What was your journey to pregnancy like?

I used ovulation sticks to test for my fertile window after tracking my period for about a year using an app. The sticks showed me a fertile window of two weeks (it's usually only a few days!) so either I'm extremely fertile or the sticks I used didn't work. I was also on prenatal vitamins for about a year prior to even thinking about having a baby—under my doctor's advice. The upside to those were great hair and great nails.

I didn't put the words out there that we were "trying to conceive" so we didn't have any pressure or expectations from the outside world. Michael and I also wanted to be more relaxed about it and not micromanage every step of the way. We were incredibly surprised that it worked pretty quickly. I have always questioned my body in terms of what it can handle, so it was a huge lesson to me that my body is more magical and strong than I ever gave it credit for.

What experiences shaped your understanding of conception and pregnancy?

I didn't really know much at all about pregnancy—I wasn't close to anyone having children while growing up so I was pretty much in the dark. I had a hard time imagining how my body could transform in that way. I think I had a level of fear about it because there are so many unknowns. And I had dreaded the pain of labor since being a little girl! That's what you tend to hear about most unfortunately.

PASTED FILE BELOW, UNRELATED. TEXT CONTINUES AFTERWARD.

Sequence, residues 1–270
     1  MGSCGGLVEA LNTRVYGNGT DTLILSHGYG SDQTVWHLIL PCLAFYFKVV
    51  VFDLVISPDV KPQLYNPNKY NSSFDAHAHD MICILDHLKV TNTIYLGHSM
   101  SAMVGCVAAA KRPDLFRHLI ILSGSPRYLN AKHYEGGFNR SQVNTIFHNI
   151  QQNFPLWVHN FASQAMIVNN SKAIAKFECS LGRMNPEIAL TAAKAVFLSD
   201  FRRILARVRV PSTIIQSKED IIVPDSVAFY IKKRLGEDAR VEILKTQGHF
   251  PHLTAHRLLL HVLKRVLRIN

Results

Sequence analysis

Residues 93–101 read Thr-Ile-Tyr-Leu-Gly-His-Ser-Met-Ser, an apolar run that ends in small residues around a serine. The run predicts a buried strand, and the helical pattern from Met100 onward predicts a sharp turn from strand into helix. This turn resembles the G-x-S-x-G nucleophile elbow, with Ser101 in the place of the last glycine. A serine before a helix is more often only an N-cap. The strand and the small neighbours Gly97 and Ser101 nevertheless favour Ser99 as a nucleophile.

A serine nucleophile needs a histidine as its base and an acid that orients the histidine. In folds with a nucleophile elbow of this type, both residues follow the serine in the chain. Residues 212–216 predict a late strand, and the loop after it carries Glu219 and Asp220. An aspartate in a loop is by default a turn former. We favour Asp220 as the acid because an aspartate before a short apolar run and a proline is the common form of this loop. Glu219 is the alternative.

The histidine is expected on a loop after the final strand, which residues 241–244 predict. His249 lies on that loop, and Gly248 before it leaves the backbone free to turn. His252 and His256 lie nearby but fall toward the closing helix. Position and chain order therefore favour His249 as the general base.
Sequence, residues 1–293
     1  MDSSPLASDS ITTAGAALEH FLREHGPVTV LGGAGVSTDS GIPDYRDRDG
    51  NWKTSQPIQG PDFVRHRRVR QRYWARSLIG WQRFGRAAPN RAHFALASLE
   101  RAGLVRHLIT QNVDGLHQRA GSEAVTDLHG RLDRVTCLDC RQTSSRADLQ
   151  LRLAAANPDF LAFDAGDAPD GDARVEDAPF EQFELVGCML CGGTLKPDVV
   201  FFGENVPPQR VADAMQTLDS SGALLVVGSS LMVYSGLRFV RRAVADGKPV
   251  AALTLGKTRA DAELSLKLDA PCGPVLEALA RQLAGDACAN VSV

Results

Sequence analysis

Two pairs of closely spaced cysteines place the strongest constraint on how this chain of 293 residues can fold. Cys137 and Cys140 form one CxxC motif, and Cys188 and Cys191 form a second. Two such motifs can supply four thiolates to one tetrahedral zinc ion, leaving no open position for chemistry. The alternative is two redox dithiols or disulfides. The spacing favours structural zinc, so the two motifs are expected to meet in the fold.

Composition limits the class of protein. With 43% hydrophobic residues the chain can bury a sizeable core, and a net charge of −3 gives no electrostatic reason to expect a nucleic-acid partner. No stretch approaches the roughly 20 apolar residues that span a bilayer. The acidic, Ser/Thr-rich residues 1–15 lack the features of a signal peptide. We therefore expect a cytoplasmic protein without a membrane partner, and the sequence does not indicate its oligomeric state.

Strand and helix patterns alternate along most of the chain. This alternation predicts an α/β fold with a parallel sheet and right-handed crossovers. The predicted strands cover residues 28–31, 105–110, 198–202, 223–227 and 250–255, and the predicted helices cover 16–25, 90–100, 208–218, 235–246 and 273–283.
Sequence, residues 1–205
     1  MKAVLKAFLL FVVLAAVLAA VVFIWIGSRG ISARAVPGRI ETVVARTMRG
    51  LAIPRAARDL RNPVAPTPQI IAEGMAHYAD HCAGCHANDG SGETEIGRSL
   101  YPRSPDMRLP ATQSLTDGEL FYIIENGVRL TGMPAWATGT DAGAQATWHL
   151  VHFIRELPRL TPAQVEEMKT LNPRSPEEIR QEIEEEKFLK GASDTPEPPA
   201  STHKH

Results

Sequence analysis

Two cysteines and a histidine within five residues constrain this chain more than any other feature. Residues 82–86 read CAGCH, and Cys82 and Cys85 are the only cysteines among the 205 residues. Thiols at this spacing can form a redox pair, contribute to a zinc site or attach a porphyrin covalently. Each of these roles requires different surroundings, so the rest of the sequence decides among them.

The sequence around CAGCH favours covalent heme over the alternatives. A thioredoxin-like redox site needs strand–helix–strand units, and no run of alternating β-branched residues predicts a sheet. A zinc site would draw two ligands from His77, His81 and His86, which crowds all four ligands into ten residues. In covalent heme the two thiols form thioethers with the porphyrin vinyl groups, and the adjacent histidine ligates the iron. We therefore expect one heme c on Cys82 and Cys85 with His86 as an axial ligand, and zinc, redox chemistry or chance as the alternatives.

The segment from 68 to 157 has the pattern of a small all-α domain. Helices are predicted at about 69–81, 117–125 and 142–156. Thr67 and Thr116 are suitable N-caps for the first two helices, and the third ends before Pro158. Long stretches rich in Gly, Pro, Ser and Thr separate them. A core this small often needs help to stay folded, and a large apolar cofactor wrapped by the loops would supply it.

What's your wish for women who are trying to conceive?

Women deserve more conversation and less expectation, pressure, and judgement. For one, we should better understand that the conception process can take a long time. I'd really like for society to put less pressure on women to have children. Many people would come up to me and say, "Why aren't you having children yet?" I can't imagine how I would feel if I were going through fertility issues. It was already an annoying question—as if I was lacking something that society demands from a woman my age. Some women don't want children—and that's OK.

I say this to people who are trying: Embrace the journey with your partner and share your feelings, struggles and thoughts with each other as you navigate this time. Take steps to really take care of yourself emotionally, physically and mentally. You'll need it through pregnancy and beyond. :)

Tell us how you found out you were pregnant. We'd love details!

It was Father's Day last year when we found out. We spent the day out on the boat without a worry in the world and when we got home, I realized I was a few days late on my period. I asked Michael to go buy a pregnancy test and the ‘pregnant’ lines on the test were clear as day. My sister happened to be there too and we all three ended up on the bathroom floor crying happy tears! Then I freaked out and had them drive me to Barnes and Noble for a pregnancy book as I didn't know what in the world I was doing. It was a perfect first Father’s Day.


We have a healthy, happy little three month old now!